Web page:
Urban Outfitters: When edgy goes too far
Urban Outfitters has become one of the most questionable and vastly inappropriate brands in the world.
The company has been under fire for selling many controversial items over the past decade, and is once again offending a large population.
The company has managed to offend Jews, blacks, Native Americans, liberals, LGBTQIA, eating-disorder awareness groups, and many others.
Conservative Richard Hayne, who has donated to many Republican politicians in the past, including Mitt Romney, owns UO.
The company is a purveyor of obscure “hipster” clothing and accessories and is marketed toward people in the 18-to-24 age bracket.
Most recently, UO was criticized for selling a “faux-vintage” blood-spattered Kent State sweatshirt.
In 1970, the Ohio National Guard shot and killed four unarmed college students and wounded nine others on the Kent State campus.
These students were killed following their protests of the Cambodian campaign, and there was a significant response to the slayings of these students by millions of people throughout the world.
These killings are a huge aspect of the American culture, and are not something to be made into a joke.
Prior to the release of the Kent State sweatshirt, UO has released many other unsuitable items in the past.
In 2003, UO angered the black community by releasing a Monopoly knockoff called Ghettopoly.
In 2005, a t-shirt with the phrase “New Mexico, Cleaner than regular Mexico” was released by UO, and many people were upset as it suggests that Mexico is dirty.
In 2008, the company pulled “I Support Same-Sex Marriage” t-shirts from the shelves blaming “too much bad press” even though there was only one negative statement about the shirt— an infinitesimal statistic in comparison to most of Urban Outfitter’s controversies.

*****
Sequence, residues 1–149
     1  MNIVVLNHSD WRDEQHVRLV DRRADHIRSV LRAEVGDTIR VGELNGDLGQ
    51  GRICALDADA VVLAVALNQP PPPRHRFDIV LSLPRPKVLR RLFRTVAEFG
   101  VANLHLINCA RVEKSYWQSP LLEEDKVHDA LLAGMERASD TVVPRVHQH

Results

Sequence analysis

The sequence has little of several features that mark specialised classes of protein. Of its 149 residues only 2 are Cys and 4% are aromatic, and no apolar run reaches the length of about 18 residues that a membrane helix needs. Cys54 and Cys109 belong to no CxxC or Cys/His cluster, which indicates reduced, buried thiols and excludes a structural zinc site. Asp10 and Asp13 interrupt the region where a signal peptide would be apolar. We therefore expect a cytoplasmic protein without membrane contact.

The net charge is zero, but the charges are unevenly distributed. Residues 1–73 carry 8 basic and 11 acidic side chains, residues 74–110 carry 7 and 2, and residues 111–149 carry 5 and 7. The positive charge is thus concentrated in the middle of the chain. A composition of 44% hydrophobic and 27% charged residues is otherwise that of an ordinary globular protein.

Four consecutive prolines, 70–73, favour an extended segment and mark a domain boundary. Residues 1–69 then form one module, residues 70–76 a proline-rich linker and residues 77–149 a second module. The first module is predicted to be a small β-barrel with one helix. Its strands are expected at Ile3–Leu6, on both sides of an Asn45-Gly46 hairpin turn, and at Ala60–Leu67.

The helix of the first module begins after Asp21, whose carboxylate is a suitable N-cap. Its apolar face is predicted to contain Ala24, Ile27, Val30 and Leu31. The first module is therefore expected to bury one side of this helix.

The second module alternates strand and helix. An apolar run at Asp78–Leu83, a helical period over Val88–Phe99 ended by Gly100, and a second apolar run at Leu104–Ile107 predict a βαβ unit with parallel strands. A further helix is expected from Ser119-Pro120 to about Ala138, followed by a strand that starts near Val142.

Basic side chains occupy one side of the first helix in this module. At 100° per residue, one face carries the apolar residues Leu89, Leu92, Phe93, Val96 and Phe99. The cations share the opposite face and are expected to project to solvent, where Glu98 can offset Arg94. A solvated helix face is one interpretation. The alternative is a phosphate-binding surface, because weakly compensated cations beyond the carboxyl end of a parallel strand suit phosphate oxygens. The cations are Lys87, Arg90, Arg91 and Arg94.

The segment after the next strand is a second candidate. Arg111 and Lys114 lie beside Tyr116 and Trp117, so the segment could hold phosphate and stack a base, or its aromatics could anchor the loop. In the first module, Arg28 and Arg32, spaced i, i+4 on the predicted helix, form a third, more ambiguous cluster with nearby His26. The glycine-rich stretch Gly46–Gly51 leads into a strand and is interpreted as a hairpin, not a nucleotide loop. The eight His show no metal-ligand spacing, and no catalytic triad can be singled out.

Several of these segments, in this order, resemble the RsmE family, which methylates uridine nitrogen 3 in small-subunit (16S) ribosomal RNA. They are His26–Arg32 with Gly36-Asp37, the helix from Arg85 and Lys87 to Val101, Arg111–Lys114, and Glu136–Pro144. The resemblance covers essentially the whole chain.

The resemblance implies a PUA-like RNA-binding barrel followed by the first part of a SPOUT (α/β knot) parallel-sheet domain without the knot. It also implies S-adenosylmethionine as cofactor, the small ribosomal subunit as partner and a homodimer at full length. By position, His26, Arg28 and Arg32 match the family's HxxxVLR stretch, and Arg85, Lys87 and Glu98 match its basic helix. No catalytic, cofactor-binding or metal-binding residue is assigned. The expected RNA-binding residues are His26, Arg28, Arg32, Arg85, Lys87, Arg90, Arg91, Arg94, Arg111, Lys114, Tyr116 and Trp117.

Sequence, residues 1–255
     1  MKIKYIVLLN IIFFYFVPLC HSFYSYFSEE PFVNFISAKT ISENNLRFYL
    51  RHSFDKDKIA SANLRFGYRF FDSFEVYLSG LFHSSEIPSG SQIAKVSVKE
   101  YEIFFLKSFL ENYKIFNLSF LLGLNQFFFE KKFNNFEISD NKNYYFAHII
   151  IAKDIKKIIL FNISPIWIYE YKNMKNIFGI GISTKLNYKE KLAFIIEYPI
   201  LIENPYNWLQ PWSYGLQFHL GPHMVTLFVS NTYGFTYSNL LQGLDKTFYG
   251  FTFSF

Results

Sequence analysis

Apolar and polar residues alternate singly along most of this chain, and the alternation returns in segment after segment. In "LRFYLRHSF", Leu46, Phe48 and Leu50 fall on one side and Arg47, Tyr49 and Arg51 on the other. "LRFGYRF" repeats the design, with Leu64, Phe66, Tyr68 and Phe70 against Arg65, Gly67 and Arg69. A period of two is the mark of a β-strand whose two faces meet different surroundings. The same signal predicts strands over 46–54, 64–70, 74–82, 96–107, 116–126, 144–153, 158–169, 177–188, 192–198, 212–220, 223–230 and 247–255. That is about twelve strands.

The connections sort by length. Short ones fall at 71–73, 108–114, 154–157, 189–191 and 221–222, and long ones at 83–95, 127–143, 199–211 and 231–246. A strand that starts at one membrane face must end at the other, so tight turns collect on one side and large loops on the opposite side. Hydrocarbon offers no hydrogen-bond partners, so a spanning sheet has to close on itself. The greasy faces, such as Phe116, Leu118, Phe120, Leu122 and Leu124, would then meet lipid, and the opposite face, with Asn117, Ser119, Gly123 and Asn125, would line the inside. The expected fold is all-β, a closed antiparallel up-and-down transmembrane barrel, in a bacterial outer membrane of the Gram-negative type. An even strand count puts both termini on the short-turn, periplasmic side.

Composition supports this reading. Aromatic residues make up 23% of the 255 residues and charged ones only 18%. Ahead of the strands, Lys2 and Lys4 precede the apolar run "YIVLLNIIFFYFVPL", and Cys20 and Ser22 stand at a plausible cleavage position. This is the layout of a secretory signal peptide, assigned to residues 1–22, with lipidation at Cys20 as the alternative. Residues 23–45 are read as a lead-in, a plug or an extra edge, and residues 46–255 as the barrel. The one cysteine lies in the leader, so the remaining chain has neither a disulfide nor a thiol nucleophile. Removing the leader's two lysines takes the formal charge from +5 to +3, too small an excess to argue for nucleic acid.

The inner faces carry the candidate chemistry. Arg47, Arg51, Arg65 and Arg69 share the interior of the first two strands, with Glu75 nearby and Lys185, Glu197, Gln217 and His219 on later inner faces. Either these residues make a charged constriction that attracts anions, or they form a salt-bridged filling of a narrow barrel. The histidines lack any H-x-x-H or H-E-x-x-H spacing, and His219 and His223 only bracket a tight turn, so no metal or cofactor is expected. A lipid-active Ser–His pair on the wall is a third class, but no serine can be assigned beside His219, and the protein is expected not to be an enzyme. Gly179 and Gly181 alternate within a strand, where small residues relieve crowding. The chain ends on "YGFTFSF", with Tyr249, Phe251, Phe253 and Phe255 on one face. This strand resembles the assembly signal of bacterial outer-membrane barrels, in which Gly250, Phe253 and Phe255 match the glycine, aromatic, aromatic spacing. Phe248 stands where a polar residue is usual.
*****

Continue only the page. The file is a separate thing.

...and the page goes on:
In 2012, the company released a t-shirt with a six-pointed yellow star on the pocket of the shirt. The star alludes to the Holocaust when Jews were forced to wear a yellow star on their clothing every day. The company also released a t-shirt in 2004 that read, “Everyone Loves a Jewish Girl” with dollar signs surrounding the phrase. Both of these shirts angered many Jewish people around the world.
All of these products that have been released have offended a vast amount of people and have been seen as extremely degrading.
I am unsure if the owners and designers for this company are completely vapid or just ignoramuses, but these acts and fashion statements are simply unacceptable.
The fact that anyone believes that releasing a t-shirt with the phrase “Eat Less” is permissible is completely blasphemous.
The company has apologized for most of these horrendous gaffes, including the Kent State sweatshirt.
“It was never our intention to allude to the tragic events that took place at Kent State in 1970,” Urban Outfitters stated on twitter. “We deeply regret that this item was perceived negatively and we have removed it immediately from our website to avoid further upset.”
The company has claimed that this sweatshirt was in their “sun-faded vintage collection,” but I’m not exactly sure how this could be construed as sun-faded— nor do I understand why they would have chosen Kent State as the school with the red blood-like consistency on a sweatshirt if they didn’t intend to step on toes or insult thousands of people.
One must be able to determine the difference between pushing the envelope and completely tearing it open — something that Urban Outfitters is clearly incapable of doing.
Although the company may have apologized for most of the heinous, disgusting items released, it is our nation’s job not to allow this company’s gaffes to be forgiven and forgotten.